KKR & Co., the buyout firm run by Henry Kravis and George Roberts, is seeking $1.5 billion for an energy fund that will invest in oil and gas development, according to two people with knowledge of the matter.
The firm will use the KKR Energy Income & Growth fund mostly for drilling partnerships with a goal of generating steady income and distributions for investors, said the people, who asked not to be identified because the plans are private. KKR is offering a management-fee discount to clients who commit money in the first round of fundraising, the people said.
Investment firms are trying to take advantage of the shale boom in the U.S. fueled by the use of so-called horizontal drilling and hydraulic fracturing, known as fracking, to extract oil and gas. KKR, which had about $76 billion under management at year-end, is investing in energy as it diversifies beyond traditional corporate takeovers. The firm has made several natural-gas investments connected to shale discoveries in recent years and has a group dedicated to energy and infrastructure transactions headed by Marc Lipschultz.
Kristi Huller, a spokeswoman for New York-based KKR, declined to comment on the capital raising.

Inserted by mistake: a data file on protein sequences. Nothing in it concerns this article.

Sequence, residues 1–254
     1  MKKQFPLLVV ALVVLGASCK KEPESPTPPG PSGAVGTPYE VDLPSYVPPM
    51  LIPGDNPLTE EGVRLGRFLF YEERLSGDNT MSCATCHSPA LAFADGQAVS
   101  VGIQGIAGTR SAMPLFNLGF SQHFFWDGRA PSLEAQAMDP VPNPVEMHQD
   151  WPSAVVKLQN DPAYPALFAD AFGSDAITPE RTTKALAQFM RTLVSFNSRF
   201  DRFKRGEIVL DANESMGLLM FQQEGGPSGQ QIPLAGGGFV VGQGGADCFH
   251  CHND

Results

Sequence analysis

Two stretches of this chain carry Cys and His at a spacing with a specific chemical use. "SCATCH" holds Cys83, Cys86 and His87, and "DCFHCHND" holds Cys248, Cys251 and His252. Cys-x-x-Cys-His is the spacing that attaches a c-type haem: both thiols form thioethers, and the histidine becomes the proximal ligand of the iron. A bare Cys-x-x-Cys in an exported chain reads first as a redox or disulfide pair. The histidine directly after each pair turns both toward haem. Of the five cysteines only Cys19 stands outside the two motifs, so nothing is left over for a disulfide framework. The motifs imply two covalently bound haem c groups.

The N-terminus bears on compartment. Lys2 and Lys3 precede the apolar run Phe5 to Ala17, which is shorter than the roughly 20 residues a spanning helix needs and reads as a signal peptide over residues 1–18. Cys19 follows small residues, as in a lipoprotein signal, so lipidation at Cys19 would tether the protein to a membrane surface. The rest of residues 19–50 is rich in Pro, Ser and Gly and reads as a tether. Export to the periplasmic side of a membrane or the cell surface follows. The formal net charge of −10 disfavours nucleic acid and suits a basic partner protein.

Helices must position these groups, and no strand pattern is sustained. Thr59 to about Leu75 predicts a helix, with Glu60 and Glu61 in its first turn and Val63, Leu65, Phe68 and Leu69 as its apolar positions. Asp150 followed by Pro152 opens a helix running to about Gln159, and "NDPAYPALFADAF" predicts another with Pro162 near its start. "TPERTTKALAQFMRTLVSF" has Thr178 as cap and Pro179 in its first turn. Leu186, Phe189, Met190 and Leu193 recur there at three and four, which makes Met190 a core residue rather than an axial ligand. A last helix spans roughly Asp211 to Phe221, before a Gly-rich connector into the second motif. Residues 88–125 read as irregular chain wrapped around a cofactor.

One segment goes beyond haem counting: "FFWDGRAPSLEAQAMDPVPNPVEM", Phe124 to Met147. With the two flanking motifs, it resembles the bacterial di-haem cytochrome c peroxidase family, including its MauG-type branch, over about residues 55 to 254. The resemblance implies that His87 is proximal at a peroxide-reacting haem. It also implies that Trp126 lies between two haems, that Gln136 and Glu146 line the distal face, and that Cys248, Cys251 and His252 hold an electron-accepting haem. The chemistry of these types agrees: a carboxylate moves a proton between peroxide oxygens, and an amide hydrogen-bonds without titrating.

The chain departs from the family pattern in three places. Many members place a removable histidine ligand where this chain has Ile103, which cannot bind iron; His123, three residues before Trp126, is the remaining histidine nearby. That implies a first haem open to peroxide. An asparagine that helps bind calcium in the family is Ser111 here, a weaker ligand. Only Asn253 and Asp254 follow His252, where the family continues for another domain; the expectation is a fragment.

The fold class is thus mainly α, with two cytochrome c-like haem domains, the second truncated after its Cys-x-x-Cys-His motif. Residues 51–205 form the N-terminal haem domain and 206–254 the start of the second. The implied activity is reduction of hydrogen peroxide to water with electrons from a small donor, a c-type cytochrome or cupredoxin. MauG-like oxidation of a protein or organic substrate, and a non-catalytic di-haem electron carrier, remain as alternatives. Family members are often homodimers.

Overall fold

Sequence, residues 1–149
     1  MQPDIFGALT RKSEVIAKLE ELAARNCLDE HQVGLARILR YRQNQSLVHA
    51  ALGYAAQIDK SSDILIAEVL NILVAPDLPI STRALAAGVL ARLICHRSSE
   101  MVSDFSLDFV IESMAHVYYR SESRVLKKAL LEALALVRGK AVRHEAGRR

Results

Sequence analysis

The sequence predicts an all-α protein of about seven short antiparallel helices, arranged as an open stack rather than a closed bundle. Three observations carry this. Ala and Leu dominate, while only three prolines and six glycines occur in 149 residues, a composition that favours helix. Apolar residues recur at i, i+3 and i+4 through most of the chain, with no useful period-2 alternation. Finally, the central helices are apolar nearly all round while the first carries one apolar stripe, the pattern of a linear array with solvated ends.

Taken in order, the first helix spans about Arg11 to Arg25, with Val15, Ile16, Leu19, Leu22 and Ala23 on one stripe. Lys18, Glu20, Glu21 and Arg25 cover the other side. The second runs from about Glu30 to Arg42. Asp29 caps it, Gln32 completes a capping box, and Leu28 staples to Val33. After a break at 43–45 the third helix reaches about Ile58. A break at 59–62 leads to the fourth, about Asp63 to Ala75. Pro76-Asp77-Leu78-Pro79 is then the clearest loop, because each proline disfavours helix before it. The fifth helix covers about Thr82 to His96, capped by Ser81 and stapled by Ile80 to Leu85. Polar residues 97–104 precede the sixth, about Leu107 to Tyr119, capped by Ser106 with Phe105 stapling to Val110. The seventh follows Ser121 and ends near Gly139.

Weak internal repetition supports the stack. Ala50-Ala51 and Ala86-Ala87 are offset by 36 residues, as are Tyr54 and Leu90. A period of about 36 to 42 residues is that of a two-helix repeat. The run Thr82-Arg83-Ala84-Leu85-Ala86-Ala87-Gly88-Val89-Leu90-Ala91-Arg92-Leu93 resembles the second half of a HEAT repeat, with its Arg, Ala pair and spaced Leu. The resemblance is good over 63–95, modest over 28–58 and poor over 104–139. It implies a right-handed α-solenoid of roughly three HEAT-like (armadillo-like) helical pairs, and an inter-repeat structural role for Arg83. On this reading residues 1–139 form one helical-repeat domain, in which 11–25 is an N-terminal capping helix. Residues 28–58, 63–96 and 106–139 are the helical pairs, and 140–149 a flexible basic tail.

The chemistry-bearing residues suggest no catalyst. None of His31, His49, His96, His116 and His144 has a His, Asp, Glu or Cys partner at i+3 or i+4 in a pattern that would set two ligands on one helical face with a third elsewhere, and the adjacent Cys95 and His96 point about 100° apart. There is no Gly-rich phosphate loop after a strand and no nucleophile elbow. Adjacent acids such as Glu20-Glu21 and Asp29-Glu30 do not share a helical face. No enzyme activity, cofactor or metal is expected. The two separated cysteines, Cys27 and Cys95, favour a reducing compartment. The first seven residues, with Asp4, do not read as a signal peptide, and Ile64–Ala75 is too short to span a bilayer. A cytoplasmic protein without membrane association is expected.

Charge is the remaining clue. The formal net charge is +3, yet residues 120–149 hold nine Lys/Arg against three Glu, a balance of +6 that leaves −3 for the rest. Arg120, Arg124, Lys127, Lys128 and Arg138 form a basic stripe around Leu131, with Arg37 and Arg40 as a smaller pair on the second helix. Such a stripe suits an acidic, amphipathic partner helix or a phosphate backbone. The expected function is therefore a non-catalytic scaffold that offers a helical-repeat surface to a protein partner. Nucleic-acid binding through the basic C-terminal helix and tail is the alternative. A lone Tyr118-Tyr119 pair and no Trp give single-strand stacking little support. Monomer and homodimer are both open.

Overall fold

KKR’s new fund will also invest in minerals and royalties, as well as mezzanine debt, said the people. While marketing the fund, KKR will be able to give investors a preview of some investments. The firm will roll three deals into the fund comprising drilling partnerships with Comstock Resources Inc. (CRK), Raptor Petroleum LLC and Cinco Energy Services, the people said.
KKR agreed in July to partner with Comstock Resources to help develop its Eagle Ford shale acreage in South Texas, the companies said at the time. Under the agreement, KKR is able to participate for one-third of Comstock’s working interest in wells drilled on its acreage in exchange for paying $25,000 per acre through a drilling carry, or development expense.
KKR is offering an annual management fee of 0.75 percent to investors joining the first close, which is being targeted for sometime in May, compared with 1.5 percent for later clients, the people familiar with the matter said. The firm will take 15 percent of the profit after achieving an annual return of at least 8 percent, known as the preferred return hurdle.
The new fund will be managed by Lipschultz, global head of KKR’s energy and infrastructure business; Jonathan Smidt, who leads KKR Natural Resources; Robert Antablin, who runs the platform that purchases minerals and royalty interests in oil and gas assets; and managing directors Claire Farley and David Rockecharlie, according to the people. KKR in 2011 hired Farley and Rockecharlie, the founders of RPM Energy LLC, an oil and gas exploration and development company.
The fund’s team is expected to include 20 to 25 investment professionals, one of the people familiar said.
To contact the editor responsible for this story: Christian Baumgaertel at email@example.com